107°F
weather icon Clear

Loughlin, husband plead in college scam, await judge’s OK on deal

“Full House” star Lori Loughlin and her fashion designer husband, Mossimo Giannulli, pleaded guilty Friday to paying $500,000 to get their two daughters into the University of Southern California as part of a college admissions bribery scheme, but a judge has not decided whether he’ll accept their plea deals with prosecutors.

Under the proposed deals, Loughlin, 55, hopes to spend two months in prison and Giannulli, 56, is seeking to serve five months. But U.S. District Judge Nathaniel Gorton said Friday at the famous couple’s video hearing that he will decide whether to accept or reject the plea deals after further consideration of the presentencing report.

The famous couple, who appeared on separate video screens, both sitting with a lawyer, made no comments during the hearing other than to answer the judge’s questions.

They were among dozens of wealthy parents, athletic coaches and others charged last year in the bribery scheme. The parents paid hefty bribes to get their kids into elite universities with bogus test scores or fake athletic credentials, authorities said.

October trial was planned

The couple have been scheduled to go to trial in October on charges that they got their two daughters into USC as crew recruits, even though neither girl was a rower. Prosecutors say they funneled money through a sham charity operated by college admissions consultant Rick Singer, who has pleaded guilty to orchestrating the scheme.

Loughlin has also agreed to pay a $150,000 fine and perform 100 hours of community service. Giannulli has agreed to pay a $250,000 fine and perform 250 hours of community service.

Loughlin pleaded guilty to conspiracy to commit wire and mail fraud. Giannulli pleaded guilty to conspiracy to commit wire and mail fraud and honest services wire and mail fraud. Prosecutors agreed to dismiss charges of money laundering and federal programs bribery that were added after the case was filed.

Loughlin and Giannulli had argued they believed their payments were legitimate donations to the school or Singer’s charity and accused prosecutors of withholding evidence that would exonerate them. The judge this month r ejected the defense’s bid to dismiss the case over allegations of misconduct by federal agents.

An attorney for the couple declined Thursday to comment.

They are the 23rd and 24th parents to plead guilty in the case.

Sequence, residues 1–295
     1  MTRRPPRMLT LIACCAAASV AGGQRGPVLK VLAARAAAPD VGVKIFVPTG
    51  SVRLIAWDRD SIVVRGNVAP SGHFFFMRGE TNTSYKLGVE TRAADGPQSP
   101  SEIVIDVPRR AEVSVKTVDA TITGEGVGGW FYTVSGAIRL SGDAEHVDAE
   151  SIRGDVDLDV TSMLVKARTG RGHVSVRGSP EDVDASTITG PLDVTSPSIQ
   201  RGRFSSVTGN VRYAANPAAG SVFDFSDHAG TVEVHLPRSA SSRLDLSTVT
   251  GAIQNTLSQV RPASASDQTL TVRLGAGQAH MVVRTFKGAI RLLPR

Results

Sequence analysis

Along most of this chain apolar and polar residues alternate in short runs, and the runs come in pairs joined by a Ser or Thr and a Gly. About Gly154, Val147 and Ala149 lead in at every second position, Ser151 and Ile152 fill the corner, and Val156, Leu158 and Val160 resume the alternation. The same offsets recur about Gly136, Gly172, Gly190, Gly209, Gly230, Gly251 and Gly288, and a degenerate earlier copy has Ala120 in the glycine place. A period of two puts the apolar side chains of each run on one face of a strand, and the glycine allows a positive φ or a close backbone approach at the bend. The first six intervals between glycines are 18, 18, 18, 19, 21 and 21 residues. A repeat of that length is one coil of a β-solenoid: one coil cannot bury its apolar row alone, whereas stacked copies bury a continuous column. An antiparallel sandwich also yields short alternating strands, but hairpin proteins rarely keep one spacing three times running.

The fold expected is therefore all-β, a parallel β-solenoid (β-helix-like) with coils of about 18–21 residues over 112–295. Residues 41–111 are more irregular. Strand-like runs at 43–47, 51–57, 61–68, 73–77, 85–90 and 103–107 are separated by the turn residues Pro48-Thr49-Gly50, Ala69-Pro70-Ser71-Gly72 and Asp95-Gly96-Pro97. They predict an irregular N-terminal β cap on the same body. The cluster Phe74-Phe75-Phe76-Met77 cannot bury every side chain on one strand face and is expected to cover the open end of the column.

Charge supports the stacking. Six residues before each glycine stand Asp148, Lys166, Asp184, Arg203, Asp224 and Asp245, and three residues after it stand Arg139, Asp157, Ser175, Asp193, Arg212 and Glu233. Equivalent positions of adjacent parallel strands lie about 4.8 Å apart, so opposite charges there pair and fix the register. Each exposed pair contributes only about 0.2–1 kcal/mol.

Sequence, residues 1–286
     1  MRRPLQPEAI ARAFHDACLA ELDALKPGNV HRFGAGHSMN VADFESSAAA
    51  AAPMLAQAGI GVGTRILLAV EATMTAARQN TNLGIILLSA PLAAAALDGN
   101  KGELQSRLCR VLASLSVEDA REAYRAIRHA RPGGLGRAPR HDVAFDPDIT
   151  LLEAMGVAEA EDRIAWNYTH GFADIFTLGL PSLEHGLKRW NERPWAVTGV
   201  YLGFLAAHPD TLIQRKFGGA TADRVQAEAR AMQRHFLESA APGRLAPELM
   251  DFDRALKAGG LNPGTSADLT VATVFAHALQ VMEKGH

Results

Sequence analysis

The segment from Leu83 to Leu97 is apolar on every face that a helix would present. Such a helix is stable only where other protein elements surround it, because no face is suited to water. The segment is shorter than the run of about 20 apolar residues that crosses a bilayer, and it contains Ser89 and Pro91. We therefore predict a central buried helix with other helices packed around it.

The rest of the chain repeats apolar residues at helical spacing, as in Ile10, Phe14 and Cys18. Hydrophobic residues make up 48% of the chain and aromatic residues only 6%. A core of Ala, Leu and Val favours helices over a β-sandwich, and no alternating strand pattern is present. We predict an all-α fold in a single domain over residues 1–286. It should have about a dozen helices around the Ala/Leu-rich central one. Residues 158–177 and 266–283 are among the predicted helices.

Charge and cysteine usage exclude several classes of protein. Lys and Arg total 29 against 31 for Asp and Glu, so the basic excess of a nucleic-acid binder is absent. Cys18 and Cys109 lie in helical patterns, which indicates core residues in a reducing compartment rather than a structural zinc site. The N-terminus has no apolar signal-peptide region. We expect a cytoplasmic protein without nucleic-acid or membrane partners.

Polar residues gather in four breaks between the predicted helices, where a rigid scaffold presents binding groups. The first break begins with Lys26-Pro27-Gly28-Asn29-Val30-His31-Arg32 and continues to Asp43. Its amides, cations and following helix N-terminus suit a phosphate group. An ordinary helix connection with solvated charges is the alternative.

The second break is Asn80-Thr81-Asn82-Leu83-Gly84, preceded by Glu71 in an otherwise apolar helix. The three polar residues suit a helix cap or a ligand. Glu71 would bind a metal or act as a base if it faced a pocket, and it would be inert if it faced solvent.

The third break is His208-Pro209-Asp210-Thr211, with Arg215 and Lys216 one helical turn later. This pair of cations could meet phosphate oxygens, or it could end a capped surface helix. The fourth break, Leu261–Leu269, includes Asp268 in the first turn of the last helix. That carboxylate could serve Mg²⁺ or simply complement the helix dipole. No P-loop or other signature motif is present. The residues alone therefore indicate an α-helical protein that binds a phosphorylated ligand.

Others who have admitted to participating in the scheme include “Desperate Housewives” actress Felicity Huffman, who paid $15,000 to have someone rig her daughter’s entrance exam. Huffman was sentenced to two weeks in prison.

Don't miss the big stories. Like us on Facebook.
THE LATEST
Celebrities, politicians gather to mourn George Floyd in Minneapolis

Hollywood celebrities, musicians and politicians gathered in front of the golden casket of George Floyd at a fiery memorial Thursday for the man whose death at the hands of police sparked global protests, with a civil rights leader declaring it is time for black people to demand, “Get your knee off our necks!”

1.9M seek jobless aid as reopenings slow for 9th week

The diminishing pace suggests that the job market meltdown that was triggered by the coronavirus may have bottomed out as more companies call at least some of their former employees back to work.

Trump-Pentagon clash breaks open over military use on protests

President Donald Trump’s Pentagon chief shot down his idea of using troops to quell protests across the United States, then reversed course on pulling part of the 82nd Airborne Division off standby in an extraordinary clash between the U.S. military and its commander in chief.

More than 100 charged with looting, assaults in California

California authorities have charged more than 100 people with looting, assault and other crimes committed during and around protests while police in a San Francisco Bay Area city said Wednesday that a break-in suspect died after being shot by police who mistook his hammer for a gun.

George Floyd tested positive for COVID-19, autopsy says

A full autopsy of George Floyd, the handcuffed black man who died after being restrained by Minneapolis police, was released Wednesday and provides several clinical details, including that Floyd had tested positive for COVID-19.

Ex-defense chief Mattis rips Trump for dividing Americans

In an extraordinary rebuke, former defense secretary Jim Mattis on Wednesday denounced President Donald Trump’s heavy-handed use of military force to quell protests near the White House and said his former boss was setting up a “false conflict” between the military and civilian society.

 
3 other officers charged in George Floyd’s death

Prosecutors upgraded a charge against a Minneapolis police officer accused of pressing his knee against George Floyd’s neck and charged three other officers.

Clues in COVID-19 vaccine race come from monkeys, ferrets

Even as companies recruit tens of thousands of people for larger vaccine studies this summer, behind the scenes scientists still are testing ferrets, monkeys and other animals in hopes of clues to those basic questions — steps that in a pre-pandemic era would have been finished first.

Breaking with president, Esper opposes using military for protests

Esper said the Insurrection Act, which would allow Trump to use active-duty military for law enforcement in containing street protests, should be invoked in the United States “only in the most urgent and dire of situations.” He declared, “We are not in one of those situations now.”